It’s tough to know when to cut your losses. Deadbeat clients, those who ask for never-ending rewrites, clients who pay later and later, the list goes on and on. How long do you give them the benefit of the doubt?
That’s a question for another article. This post is about something completely different–those situations where the client is nice, friendly, reasonable…but you still find yourself getting the short end of the stick.
Example–the writer I know who has to make international phone calls to get his articles written. Calls that aren’t always reimbursed by his editors. This writer decided to start cutting out the companies that wouldn’t pay his phone expenses (which are regular and fairly predictable). He was shocked to learn he saved himself $200 in one month doing so. One of his publication credits wound up costing him half his fee in phone calls–clearly a losing option.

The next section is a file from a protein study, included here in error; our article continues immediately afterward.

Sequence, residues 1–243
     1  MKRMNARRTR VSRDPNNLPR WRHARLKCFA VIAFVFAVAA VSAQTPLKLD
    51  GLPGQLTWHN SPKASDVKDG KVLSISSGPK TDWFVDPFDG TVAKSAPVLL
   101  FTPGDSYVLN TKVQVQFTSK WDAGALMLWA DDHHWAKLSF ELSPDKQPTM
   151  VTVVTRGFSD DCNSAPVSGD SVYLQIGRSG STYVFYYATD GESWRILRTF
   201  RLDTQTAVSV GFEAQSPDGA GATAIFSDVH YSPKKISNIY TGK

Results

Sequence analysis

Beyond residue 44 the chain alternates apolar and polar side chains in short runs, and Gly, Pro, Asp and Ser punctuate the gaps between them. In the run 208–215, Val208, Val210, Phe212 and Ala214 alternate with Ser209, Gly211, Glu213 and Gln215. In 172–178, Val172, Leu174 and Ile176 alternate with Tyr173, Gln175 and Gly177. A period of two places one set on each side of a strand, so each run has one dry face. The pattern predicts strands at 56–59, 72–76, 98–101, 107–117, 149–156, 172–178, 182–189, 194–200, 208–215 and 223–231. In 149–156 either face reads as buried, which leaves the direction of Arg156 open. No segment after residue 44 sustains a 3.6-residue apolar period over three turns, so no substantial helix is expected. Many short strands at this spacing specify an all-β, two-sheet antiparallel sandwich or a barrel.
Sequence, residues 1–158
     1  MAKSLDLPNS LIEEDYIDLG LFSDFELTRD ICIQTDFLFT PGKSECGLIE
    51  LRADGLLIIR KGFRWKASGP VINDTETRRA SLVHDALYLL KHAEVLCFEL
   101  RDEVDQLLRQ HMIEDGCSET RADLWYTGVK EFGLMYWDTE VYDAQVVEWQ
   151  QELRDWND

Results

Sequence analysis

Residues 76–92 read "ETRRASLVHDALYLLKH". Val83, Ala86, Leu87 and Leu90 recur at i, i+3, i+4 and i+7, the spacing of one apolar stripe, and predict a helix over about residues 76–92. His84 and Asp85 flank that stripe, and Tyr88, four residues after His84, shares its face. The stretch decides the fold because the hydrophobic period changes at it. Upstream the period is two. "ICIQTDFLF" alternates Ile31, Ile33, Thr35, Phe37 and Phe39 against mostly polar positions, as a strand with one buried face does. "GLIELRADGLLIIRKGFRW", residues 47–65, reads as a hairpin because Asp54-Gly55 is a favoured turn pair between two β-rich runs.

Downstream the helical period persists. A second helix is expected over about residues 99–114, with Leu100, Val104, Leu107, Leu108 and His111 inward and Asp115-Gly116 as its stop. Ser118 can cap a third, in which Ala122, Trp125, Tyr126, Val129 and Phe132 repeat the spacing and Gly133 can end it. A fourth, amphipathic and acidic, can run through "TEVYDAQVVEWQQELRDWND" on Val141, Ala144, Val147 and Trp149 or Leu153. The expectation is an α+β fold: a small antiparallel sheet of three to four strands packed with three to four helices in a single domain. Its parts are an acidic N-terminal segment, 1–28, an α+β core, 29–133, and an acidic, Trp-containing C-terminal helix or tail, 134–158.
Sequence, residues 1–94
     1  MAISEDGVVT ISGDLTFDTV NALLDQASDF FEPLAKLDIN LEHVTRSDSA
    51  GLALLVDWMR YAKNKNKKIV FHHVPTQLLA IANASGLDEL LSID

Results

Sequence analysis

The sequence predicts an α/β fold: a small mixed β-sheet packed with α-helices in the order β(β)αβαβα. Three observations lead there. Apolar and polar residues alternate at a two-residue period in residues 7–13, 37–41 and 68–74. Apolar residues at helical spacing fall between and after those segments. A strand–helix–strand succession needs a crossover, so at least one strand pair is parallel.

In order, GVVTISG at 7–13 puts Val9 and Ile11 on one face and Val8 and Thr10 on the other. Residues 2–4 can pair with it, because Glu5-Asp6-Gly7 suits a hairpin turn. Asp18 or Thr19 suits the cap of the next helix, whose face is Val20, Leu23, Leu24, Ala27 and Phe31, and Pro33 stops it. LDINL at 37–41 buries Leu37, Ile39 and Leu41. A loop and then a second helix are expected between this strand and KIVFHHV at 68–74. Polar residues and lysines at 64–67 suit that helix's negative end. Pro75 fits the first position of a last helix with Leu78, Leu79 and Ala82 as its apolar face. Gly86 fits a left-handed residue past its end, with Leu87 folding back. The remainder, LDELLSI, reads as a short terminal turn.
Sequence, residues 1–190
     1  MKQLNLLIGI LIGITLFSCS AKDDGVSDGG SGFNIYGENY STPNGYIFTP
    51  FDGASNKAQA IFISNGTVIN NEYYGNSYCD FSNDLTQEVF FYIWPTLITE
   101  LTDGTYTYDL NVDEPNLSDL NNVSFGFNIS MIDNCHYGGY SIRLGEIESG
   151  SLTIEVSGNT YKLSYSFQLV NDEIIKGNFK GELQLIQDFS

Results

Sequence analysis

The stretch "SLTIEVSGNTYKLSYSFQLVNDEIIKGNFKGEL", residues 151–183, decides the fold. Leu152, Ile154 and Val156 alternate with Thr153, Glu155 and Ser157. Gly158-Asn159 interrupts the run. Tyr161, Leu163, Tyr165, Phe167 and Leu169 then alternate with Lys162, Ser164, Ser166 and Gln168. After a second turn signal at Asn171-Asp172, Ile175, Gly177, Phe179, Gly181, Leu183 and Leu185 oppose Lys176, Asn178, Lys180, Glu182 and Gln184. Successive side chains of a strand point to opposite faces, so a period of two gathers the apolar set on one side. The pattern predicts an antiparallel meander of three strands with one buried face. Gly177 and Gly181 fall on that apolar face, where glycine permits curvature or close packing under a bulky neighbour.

Examine the expenses you pay in doing your job and do the math. Are you spending too much in gas, parking, out-of-office meals and phone calls to meet those deadlines? It might be time to reconsider. In some cases–new writers who badly need publication credit, for example–it may be worth the effort to put up with the financial bite. But the moment it stops making sense to do so, cut and run. The bank account you save could be your own.